(Topic ID: 148809)

Adding an external 5v power supply for mods

By jsa

3 years ago

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  • 36 posts
  • 12 Pinsiders participating
  • Latest reply 3 years ago by toyotaboy
  • Topic is favorited by 12 Pinsiders


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#1 3 years ago

Hey all, looking for some advice. I have a ToM, and I'm thinking of adding an external 5V power supply for mods (rather than take the power off my WPC-89 power driver board). It takes line power 120v in and in theory, outputs 5V appropriate for various things. My question is, has anyone done this, and if so, any thoughts on what would be the most elegant way to grab power, in terms of being properly fused?

One thought I had was using the maintenance outlet to the back box, or a second power cord. Here's what I'm thinking of installing:


Thanks all!

#6 3 years ago
Quoted from GRUMPY:

The p/s you have there is fine but the suzo wayout ^^^^ has is better because of the 12 volt section can be used for leds strips and other 12 volt mods. I rewire the service outlet on my pins so that the outlet turns on with the power switch.

Can you link to the Suzo PS you're referring to? I can't find any reference to it.

Also, you mention re-wiring the power supply to turn on with the power switch. Any tips before attempting that myself?

#9 3 years ago
Quoted from wayout440:

Search "happ power" on ebay....many there. I just pick one that is close to my geographical location for cheap shipping and make sure they have a clean track record for Ebay sales.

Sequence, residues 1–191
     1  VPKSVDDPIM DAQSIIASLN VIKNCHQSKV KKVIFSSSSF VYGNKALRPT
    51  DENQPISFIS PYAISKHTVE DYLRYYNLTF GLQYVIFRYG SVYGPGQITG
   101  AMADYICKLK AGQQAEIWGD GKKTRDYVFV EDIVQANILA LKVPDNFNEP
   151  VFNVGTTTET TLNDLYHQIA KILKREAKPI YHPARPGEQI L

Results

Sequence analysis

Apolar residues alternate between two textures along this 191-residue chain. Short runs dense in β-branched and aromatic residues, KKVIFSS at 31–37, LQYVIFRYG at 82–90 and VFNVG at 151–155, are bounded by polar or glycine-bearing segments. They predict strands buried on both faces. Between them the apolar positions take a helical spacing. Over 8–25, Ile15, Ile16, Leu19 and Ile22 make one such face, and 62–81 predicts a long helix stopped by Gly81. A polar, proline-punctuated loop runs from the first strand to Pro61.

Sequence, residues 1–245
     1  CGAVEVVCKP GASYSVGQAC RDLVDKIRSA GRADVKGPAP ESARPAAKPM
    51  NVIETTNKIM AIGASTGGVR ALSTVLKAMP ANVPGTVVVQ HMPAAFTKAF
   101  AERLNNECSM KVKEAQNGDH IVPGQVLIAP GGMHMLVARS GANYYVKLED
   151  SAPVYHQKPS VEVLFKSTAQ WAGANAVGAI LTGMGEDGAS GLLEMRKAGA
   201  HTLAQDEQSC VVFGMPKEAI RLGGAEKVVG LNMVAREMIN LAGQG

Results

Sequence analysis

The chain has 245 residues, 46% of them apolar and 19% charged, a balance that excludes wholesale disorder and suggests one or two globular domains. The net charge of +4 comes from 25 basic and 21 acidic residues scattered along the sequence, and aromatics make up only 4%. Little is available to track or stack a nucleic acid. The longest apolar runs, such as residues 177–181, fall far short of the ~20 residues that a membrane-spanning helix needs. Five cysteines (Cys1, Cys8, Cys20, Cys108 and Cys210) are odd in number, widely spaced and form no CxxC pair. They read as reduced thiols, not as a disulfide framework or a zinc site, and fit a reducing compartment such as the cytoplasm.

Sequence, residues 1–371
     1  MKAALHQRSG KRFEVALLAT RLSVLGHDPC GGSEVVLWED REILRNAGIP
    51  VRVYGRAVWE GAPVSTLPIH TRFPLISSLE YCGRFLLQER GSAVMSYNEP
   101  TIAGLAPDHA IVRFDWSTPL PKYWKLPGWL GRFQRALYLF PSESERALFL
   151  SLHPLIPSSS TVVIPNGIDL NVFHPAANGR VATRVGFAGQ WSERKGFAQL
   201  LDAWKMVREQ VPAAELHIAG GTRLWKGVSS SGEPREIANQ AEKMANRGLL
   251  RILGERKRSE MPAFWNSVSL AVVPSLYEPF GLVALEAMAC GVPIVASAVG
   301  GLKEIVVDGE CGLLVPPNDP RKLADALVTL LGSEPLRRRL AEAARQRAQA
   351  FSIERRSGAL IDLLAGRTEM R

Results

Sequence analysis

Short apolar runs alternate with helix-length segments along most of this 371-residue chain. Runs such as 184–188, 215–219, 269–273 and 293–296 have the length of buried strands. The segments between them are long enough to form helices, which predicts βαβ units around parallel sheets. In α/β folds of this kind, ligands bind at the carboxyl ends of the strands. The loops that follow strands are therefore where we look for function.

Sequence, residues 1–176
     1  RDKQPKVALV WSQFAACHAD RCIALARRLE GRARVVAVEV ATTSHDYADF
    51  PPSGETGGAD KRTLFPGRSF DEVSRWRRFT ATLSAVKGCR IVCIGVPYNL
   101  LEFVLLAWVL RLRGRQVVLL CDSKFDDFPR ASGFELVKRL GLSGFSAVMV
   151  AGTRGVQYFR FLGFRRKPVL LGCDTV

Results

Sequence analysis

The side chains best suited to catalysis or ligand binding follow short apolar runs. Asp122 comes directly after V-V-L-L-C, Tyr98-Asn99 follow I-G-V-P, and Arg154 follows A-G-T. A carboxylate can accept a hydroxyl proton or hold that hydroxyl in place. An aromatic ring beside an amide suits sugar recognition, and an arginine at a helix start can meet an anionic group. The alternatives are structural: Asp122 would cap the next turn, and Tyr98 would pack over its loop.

Rewire basically like diagram below. You can use an AC plug into the service outlet for a temporary mod or hard wire it for something more permanent. Some games might not have a three prong outlet for the service outlet, or even a three prong AC power cord. For safety, adding the third condutor (green) is highly recommended.

That's perfect, thank you!

#10 3 years ago
Quoted from wayout440:

For safety, adding the third condutor (green) is highly recommended.

If the power supply delivers 5V/5A, and a mod (like in my case, the Tiger Saw motor mod for Theatre of Magic) requires far less current, does that mean I should install a current-limiting resistor? I'm a little backwards on electronics.

#13 3 years ago
Quoted from markmon:

No. The mod will take what it needs.

Quoted from wayout440:

...or hard wire it for something more permanent.

Do you guys recommend wiring the power supply after the fuse?

#15 3 years ago
Quoted from GRUMPY:

Either way it wont matter. I you like I can take a pic of how I rewired my No Fear service outlet to be on only when the game is on. It will have to be later as I'm still at work.

Couldn't hurt, but don't work too hard on it, I think I'm ready to go!

#20 3 years ago

Here's a real electronic stupid question: If your mod takes on/off signal from the power driver board, and you're using an external power supply, what do you do with the negative lead off the power supply, wire to ground?

#22 3 years ago
Quoted from G-P-E:

Tie the grounds together. NEVER connect the various power signals (e.g. +5V and +12V) to internal power, keep them isolated.